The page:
Umusizi Tuyisenge on dropping out of school to pursue his love for traditional music

Tuyisenge’s Kimironko-based Umushanana studio specialises in recording traditional music. Courtesy

Growing up in Kigali, Olivier Tuyisenge who goes by the artistic name of “Umusizi Tuyisenge”, realized that he is a good poet and started embracing the talent.

As a young boy, he did not just stop there. He also started practicing other creative talents such as writing essays, composing songs and play-acting, among other roles.


He was juggling what he was doing with education, majoring in Physics, Mathematics and Chemistry in secondary education and went on to study pharmacy. He would later drop out after one year into the course to go after his dreams.


He dropped out to get more time and freedom to do arts-related activities. He took some short courses in film making and music production, did part-time jobs of emceeing in weddings and performing different acting roles in plays during national celebrations like Kwibohora25.


The 25-year-old then used the savings from the different gigs to start his own traditional music label, which was a dream he chased from long ago.

“Doing all of that, I was chasing a dream of setting up a traditional music label. The main purpose of the studio was to revitalize Rwandan cultural and traditional music and in doing so, I advance our culture beyond our borders, “Tuyisenge told this paper.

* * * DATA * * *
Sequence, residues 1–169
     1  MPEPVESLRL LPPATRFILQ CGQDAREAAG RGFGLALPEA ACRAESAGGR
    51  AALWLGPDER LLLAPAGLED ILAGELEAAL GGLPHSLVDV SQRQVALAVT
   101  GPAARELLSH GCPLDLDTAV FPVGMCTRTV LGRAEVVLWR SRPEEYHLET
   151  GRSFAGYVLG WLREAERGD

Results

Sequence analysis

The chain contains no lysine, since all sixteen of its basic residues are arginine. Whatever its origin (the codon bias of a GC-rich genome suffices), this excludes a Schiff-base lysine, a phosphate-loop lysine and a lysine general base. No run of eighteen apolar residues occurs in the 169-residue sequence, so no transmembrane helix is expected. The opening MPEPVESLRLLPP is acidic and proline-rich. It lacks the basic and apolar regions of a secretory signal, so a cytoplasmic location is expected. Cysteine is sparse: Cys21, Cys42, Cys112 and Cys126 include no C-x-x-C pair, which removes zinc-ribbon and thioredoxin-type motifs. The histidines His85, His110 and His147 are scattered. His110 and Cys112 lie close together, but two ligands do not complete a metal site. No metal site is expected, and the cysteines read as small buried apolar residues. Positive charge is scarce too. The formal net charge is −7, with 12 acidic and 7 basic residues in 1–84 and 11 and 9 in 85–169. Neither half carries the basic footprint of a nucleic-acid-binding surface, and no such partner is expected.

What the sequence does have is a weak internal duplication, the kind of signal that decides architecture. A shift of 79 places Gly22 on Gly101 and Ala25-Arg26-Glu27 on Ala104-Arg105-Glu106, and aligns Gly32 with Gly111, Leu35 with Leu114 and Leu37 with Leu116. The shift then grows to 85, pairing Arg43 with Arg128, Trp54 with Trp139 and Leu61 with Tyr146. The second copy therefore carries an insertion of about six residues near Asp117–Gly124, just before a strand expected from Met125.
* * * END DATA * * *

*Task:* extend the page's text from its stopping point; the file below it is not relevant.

“Everywhere you go in Rwanda you will find many studios but you can’t find a single studio that only specializes in traditional music, which I wanted to change,” he added.

Tuyisenge said that Umushanana Record label, the first traditional music studio in Rwanda, opened its doors in June 2020. Gakondo musicians work together to produce traditional songs as well as other singles whose message is in line with the Rwandan cultural values.

Located in Kimironko, the studio has all the needed traditional musical instruments needed to produce a song.

When you visit the art studio, you are introduced to a room of traditional paintings in all sizes, sculptures, then to rooms full of traditional music instruments like drum kits, traditional flutes, Inanga, icyembe, iningiri and many others, all of which depict Rwanda’s traditional culture.

Since its opening, the studio is working on singles of famous traditional icons in Rwanda like Cecile Kayirebwa and Masamba Intore, among others.

Tuyisenge saved up to Rwf4 million to start the recording studio project which he says will focus on traditional songs, but won’t neglect other various ranges of genres.

Tuyisenge, who considers Rugamba Cyprien, as his role model, says that the studio’s future prospects include raising the talents of young disabled figures that are mostly left out by the society yet they are talented.

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